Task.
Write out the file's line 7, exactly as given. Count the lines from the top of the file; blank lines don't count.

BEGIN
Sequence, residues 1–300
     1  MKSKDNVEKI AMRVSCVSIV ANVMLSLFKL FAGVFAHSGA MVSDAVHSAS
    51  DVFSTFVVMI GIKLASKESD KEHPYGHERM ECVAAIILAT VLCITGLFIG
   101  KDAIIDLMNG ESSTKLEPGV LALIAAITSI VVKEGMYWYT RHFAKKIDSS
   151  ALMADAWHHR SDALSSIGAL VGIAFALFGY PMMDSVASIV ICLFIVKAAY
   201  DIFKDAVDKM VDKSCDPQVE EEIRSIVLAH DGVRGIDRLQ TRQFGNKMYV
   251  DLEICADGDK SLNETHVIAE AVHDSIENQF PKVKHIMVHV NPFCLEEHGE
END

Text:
   251  DLEICADGDK SLNETHVIAE AVHDSIENQF PKVKHIMVHV NPFCLEEHGE